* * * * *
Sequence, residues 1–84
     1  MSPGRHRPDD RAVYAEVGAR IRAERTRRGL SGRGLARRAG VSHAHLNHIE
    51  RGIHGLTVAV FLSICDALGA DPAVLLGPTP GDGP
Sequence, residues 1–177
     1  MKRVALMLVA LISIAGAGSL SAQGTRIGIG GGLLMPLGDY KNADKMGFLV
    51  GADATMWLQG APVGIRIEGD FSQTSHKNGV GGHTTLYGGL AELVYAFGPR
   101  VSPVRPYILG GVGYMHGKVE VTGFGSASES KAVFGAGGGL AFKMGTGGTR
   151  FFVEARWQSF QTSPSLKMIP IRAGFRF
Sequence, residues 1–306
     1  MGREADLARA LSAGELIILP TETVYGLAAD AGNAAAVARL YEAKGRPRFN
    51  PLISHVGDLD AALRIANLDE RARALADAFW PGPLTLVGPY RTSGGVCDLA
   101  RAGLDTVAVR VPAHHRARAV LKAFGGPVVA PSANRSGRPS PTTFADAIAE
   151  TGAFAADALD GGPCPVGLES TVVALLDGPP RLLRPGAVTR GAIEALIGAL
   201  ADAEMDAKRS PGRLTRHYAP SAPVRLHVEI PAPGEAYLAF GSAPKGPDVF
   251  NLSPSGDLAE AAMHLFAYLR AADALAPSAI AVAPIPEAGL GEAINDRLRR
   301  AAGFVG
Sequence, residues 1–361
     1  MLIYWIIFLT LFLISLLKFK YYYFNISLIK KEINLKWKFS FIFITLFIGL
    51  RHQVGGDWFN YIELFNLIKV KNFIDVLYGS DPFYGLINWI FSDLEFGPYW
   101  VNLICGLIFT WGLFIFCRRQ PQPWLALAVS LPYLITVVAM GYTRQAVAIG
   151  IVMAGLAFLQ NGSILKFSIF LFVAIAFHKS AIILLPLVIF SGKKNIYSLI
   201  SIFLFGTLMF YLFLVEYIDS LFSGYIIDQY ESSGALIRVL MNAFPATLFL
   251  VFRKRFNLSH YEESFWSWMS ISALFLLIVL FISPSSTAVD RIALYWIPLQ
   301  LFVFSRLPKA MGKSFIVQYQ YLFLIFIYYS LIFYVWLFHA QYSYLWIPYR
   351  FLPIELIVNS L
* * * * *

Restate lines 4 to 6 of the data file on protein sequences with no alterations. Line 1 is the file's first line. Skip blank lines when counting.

Sequence, residues 1–177
     1  MKRVALMLVA LISIAGAGSL SAQGTRIGIG GGLLMPLGDY KNADKMGFLV
    51  GADATMWLQG APVGIRIEGD FSQTSHKNGV GGHTTLYGGL AELVYAFGPR